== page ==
IN November 2017 I wrote a column about the MeToo movement. In October 2017, Jodi Kantor and Megan Twohey at The New York Times released their story accusing Harvey Weinstein of, over decades, using his position of power as one of the biggest producers in Hollywood to sexually harass and assault women, and then paying out big sums of cash to silence the women who wanted to speak out against him. Shortly after, Ronan Farrow’s reporting for The New Yorker, revealed that 13 women had accused Weinstein of sexual assault or harassment and another three were accusing him of rape.

The whole thing snowballed from there. More and more women in the entertainment industry came forward to share similar stories. Disturbingly, but not surprisingly, Weinstein wasn’t the only one being accused.

The National: Harvey Weinstein: accused of abusing and exploited many young actresses Harvey Weinstein: accused of abusing and exploited many young actresses

Actresses that most would think are powerful enough in their own right shared their similar stories. People with money and power throughout the industry were abusing women and getting away with it. It was systemic. Then it was more women, from different industries. But it wasn’t just more industries – it was all industries. Women and men sharing their stories of childhood abuse, and rape and sexual assault, and stories from their teenage years.

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Michelle Thomson, then the MP for Edinburgh West, detailed her own experience of being raped as a teenager, in one of the most powerful speeches I’ve ever seen delivered from the green benches of the House of Commons.

Then it was staff in the House of Commons itself – sharing the gory details of a disgusting culture that was entirely similar to the culture in Hollywood. It was women we know: friends, mothers, sisters, cousins. And on and on.

Everyone had a story and an experience, and they shared it. The bravery of so many people sharing their stories turned what could have juvenilely been called a sex scandal, was now being called a movement. Time was up.

It was eye opening in a strange way. Shocking and upsetting and surprising. But was it surprising? Not really no. This was something, I think, we all knew was happening. This was proved out in the number of jokes that resurfaced, from years-old TV shows, about Weinstein’s behaviour.

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It was borne out in the fact that the President of the United States of America had bragged about “grabbing women by the pussy” and how “when you’re a star they let you do it”, and then been elected. We had known, we just didn’t know we knew – and that was what was different.

The realisation was creeping up on everyone that enough was enough. Women have culturally been putting up with this for too long. That was the good that could come out of the horror: times up.

These men were finally going to be held to account for their actions. It was going to be legal action: criminal where the statute of limitations hadn’t been met, civil where it had.

Campaign groups formed to push for statute of limitations laws to be changed and amended because they were inadequate, and in some places it worked. Statues were changed.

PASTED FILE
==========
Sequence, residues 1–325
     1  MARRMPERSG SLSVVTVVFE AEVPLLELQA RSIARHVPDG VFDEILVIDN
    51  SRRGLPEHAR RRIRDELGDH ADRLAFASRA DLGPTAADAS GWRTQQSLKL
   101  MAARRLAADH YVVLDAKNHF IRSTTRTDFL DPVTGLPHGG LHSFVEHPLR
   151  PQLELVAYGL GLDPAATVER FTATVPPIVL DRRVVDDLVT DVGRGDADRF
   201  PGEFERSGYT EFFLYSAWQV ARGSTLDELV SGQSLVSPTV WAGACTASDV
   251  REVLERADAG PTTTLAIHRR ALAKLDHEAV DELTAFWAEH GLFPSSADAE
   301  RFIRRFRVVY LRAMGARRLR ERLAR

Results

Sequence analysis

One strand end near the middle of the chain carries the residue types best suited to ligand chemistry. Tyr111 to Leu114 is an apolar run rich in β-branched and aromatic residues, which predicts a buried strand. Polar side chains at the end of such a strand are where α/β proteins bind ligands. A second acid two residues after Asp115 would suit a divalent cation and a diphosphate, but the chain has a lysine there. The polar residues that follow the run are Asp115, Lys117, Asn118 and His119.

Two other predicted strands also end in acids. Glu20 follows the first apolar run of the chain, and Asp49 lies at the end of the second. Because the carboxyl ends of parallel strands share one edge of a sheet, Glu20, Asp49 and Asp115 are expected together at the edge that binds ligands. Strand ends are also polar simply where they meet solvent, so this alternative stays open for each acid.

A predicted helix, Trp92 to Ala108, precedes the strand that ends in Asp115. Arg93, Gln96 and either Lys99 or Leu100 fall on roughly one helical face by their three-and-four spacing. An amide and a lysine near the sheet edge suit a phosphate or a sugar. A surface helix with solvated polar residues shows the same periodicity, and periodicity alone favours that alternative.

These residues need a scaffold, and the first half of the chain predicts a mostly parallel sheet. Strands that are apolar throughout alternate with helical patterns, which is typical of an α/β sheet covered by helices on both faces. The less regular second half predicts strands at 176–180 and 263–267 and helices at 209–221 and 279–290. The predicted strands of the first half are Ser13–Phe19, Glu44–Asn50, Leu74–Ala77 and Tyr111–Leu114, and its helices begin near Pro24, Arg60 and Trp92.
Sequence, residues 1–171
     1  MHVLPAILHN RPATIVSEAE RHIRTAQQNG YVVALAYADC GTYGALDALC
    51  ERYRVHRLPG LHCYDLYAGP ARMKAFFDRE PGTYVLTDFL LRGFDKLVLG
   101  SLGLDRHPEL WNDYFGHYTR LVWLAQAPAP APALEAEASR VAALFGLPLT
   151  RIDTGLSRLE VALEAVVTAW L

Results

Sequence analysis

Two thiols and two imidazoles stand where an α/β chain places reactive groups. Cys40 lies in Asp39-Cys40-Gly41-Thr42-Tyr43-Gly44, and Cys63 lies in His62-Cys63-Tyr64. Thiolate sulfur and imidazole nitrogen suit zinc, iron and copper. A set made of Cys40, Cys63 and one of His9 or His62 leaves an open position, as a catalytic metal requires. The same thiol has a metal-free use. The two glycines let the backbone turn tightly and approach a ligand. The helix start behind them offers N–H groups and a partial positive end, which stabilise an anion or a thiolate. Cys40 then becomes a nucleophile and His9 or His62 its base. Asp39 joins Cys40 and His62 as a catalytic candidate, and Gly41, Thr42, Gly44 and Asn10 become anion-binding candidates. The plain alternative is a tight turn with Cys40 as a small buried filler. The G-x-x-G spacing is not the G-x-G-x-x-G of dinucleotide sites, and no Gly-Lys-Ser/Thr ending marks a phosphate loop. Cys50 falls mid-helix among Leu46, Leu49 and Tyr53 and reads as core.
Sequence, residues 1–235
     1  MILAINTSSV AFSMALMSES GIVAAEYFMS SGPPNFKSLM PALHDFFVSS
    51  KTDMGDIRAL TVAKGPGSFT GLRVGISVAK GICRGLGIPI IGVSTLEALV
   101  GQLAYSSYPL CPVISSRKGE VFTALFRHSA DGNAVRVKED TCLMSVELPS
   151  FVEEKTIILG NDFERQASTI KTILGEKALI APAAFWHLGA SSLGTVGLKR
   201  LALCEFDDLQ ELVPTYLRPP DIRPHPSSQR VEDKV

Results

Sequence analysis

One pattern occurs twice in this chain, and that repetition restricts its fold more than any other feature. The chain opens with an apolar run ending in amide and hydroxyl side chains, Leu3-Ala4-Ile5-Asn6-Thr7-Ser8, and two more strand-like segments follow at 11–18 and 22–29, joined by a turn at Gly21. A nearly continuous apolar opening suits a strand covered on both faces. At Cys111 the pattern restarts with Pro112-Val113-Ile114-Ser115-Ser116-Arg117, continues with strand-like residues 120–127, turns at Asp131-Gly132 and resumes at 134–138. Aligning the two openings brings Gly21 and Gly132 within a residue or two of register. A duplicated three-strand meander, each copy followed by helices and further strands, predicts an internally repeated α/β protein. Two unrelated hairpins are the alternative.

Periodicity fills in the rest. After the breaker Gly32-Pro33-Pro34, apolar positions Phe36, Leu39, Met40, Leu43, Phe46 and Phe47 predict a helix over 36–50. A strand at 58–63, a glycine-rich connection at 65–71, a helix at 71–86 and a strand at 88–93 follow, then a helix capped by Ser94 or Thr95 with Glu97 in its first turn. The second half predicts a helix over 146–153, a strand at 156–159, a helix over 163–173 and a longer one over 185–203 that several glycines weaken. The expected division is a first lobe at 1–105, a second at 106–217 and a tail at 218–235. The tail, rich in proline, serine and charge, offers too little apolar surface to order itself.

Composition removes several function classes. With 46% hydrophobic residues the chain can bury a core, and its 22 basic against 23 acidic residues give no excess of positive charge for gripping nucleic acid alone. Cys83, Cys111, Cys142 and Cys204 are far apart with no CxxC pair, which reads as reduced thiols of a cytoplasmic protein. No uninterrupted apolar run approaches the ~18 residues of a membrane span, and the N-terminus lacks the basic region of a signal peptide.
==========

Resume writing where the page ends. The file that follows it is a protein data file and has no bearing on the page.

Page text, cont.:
People like Weinstein lost their careers and now were facing trials for their actions. Processes for reporting harassment and assault were reviewed – amended where they didn’t work, and created where they didn’t exist. The shame in being sexually harassed and assaulted was finally going to be eradicated. Debate raged. It was a tipping point.

For a while it seemed like that might be true – the stories didn’t stop coming, and still even now, nearly two years after I wrote my first column on this issue for The National, more stories are appearing. But it’s quieter now. A mention of sexual harassment or assault online will get you a barrage of abuse from bots and trolls claiming that “MeToo has gone to far” and a bunch of other redundant, meaningless soundbites.

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Many women still wait for their day in court, but it is coming. American Supreme Court nominees find their confirmation hearings stalled because of credible sexual assault accusations, but they still get appointed.

Political candidates are accused of having assaulted underage women and don’t get elected, but the margin of loss is slim and they still got the full endorsement and backing of the Whitehouse. So, has progress been made? Maybe a little. Or certainly that’s what I thought.

Until I saw a video doing the rounds on Twitter. The video is a short clip of a comedian set at an event called Actors Hour – a platform for young actors. It turns out Harvey Weinstein has been invited to the event and given a private booth by the organiser Alexandra Laliberte.

Apparently, the credible accusations from countless women that Weinstein had assaulted or raped them when they were young aspiring actors didn’t bother Laliberte when she decided to invite him into a room filled with young aspiring actors. The comedian in the video makes some jokes about him being there as part of her set and a rousing chorus of men start booing her, one shouting at her to “shut up”.

It’s a disgraceful sight and I applaud the comedian for taking a stand against this man. Seeing that video made me realise somewhere along the way, the conversation about sexual harassment has in many ways fallen back to a whisper in the past two years.

The men who committed the acts of violence are now subtly sneaking their way back to their comfortable lives, and those who point out that it’s wrong are shouted at and told to shut up.

We have to restart the conversation, before the silence becomes complacency, or worse, the assumption that everything is now better.